Parents seen as key to fighting illiteracy

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The Independent Online
The way to end illiteracy among children is to end it among parents, says government-funded research published yesterday.

The study shows that family literacy programmes where parents, grandparents and children work together are extremely successful in improving reading and writing.

Researchers from the National Foundation for Educational Research looked at four literacy programmes for parents at the bottom of the educational heap and their children, aged three to six. Most of the children had low scores in language and risked educational failure.

The 361 parents and 392 children attended courses of eight hours a week for 12 weeks. The study found the proportion of children who would have struggled with reading at school fell from two-thirds to just over a third. The proportion of children with the most severe reading difficulties fell from 24 per cent to 9 per cent. There were similar improvements in children's vocabulary.

Parents' average reading score went up by 5 per cent and their writing score by 10 per cent. The study found that all the progress children and parents made was still being maintained nine months later. Many parents went on to further studies and felt more confident about helping their children at home.

Greg Brooks, who led the research team, said of the programmes set up by the Basic Skills Agency: "This is one of the most effective initiatives we have ever encountered."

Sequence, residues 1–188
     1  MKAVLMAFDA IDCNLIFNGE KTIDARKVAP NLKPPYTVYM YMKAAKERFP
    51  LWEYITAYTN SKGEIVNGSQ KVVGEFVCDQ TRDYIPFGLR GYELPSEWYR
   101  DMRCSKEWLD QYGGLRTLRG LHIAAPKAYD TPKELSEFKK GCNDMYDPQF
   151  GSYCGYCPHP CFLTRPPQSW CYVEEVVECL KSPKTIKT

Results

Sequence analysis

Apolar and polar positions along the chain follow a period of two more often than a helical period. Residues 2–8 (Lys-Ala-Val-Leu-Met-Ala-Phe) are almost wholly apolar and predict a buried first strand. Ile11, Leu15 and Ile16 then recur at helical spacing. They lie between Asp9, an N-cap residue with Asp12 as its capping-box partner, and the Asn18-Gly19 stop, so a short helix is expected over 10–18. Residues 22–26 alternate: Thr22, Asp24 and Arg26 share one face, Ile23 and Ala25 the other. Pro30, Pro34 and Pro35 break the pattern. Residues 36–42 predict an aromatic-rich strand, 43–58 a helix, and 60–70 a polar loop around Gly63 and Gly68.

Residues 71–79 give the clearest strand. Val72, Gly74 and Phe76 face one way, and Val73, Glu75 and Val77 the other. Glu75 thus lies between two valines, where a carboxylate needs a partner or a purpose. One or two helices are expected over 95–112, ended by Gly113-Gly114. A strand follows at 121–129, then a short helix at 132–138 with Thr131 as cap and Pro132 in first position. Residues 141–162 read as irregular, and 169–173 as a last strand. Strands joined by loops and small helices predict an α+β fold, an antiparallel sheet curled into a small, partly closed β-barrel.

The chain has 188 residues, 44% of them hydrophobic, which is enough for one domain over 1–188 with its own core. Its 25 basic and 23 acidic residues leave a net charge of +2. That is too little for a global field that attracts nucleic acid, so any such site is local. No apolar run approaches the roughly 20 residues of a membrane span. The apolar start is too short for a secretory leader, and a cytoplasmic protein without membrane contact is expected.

The pilot projects cost pounds 3m paid by the Welsh Office and the Department for Education and Employment.

Gillian Shephard, Secretary of State for Education and Employment, would not commit the Government to more funding but she told a London conference: "We have to look at something that is as successful as this very seriously. If this is the way to break the cycle of deprivation and other problems it has to be taken very seriously."

Mrs Shephard responded vigorously to reports that plans to introduce nursery vouchers have run into trouble because not enough private providers are interested in the scheme, which starts in four local authorities in autumn. She said 600 private and voluntary groups had come forward, 387 of them in Norfolk and the rest in the three pilot authorities. Twenty two extra local authority nursery units are being set up in Norfolk.

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